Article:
Have you ever searched online for your name, profile names, or email addresses? You might be surprised by what you find. If you’ve posted anything online, it’s out there. It’s public.
You probably wouldn’t consider posting a tenth of what you post online on a bulletin board hanging in the break room at work or in the faculty lounge at school. Yet, posting on online is a thousand times more permanent than posting on a traditional bulletin board.
Here are a few recommendations:
If it would reflect poorly on your character if it ended up on the front page of a newspaper, don’t post.
If you’re angry, don’t post. I’ve never heard anyone say “I’m glad I was emotionally out of control when posted those comments! If I had been calm it may have limited my ability to reason clearly.”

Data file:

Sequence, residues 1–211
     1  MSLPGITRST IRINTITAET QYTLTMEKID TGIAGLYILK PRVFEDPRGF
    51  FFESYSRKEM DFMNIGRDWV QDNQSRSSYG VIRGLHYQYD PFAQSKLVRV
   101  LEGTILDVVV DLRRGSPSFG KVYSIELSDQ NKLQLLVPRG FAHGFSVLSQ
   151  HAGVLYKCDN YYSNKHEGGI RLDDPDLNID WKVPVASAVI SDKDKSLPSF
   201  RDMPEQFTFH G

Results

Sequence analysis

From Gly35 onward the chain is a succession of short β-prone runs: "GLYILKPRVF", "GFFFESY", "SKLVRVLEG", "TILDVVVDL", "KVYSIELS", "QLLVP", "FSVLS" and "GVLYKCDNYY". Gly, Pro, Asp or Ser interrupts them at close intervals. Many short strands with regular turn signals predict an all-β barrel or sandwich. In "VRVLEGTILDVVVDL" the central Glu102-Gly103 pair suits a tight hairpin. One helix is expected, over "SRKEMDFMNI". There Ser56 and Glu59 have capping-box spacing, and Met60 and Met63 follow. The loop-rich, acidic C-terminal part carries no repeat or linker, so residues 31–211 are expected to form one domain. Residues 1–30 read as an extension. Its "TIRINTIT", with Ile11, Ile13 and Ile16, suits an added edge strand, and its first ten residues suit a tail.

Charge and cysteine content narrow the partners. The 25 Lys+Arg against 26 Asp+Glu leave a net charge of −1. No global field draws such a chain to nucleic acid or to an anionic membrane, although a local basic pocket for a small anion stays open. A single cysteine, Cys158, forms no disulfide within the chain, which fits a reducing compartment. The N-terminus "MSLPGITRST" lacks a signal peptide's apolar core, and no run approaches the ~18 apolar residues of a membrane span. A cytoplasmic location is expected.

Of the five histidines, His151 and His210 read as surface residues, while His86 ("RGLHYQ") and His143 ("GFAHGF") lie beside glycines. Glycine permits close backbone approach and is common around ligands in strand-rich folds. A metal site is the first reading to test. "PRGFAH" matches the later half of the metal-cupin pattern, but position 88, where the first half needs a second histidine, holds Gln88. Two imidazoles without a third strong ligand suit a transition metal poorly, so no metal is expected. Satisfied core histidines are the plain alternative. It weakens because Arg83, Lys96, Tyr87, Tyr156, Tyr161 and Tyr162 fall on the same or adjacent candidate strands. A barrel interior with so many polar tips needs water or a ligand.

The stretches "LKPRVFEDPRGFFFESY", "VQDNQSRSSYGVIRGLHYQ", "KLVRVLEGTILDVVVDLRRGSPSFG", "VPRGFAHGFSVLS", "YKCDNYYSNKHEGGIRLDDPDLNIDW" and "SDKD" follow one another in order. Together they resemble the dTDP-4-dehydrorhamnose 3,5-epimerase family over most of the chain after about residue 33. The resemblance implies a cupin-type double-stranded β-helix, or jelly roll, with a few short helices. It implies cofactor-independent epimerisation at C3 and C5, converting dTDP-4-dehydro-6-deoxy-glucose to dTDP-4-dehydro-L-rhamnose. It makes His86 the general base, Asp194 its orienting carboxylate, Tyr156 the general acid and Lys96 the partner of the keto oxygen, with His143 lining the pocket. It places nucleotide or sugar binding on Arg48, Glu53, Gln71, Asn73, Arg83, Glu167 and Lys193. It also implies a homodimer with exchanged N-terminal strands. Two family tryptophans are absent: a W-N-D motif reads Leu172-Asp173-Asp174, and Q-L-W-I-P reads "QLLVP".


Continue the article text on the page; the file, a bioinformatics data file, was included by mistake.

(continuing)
If you wouldn’t be comfortable with your family, in-laws, co-workers, or neighbors (Current or future) reading your comments or seeing those images, don’t post.
If you are excited to share your travel plans with your friends on Facebook, waiting until your back to post “Had a great time in Costa Rica!” is much better that posting in advance of your trip, “Leaving for Costa Rica tomorrow, won’t be back for two weeks.” There is no need to advertise that your house will be empty.
If you think posting under a fake name will protect you, don’t post. Unless the forum is designed for and expects anonymous users, people have a way of connecting the dots and discovering your true identity.
The Internet can provide a false sense of anonymity and distance that we would never accept as reality in the off-line world. There are some things we post online that we would prefer to see on billboards and in the newspaper, yet it’s the little things we post, without consideration for the big picture, that can cause the most trouble. We will be reading more about this is the years to come.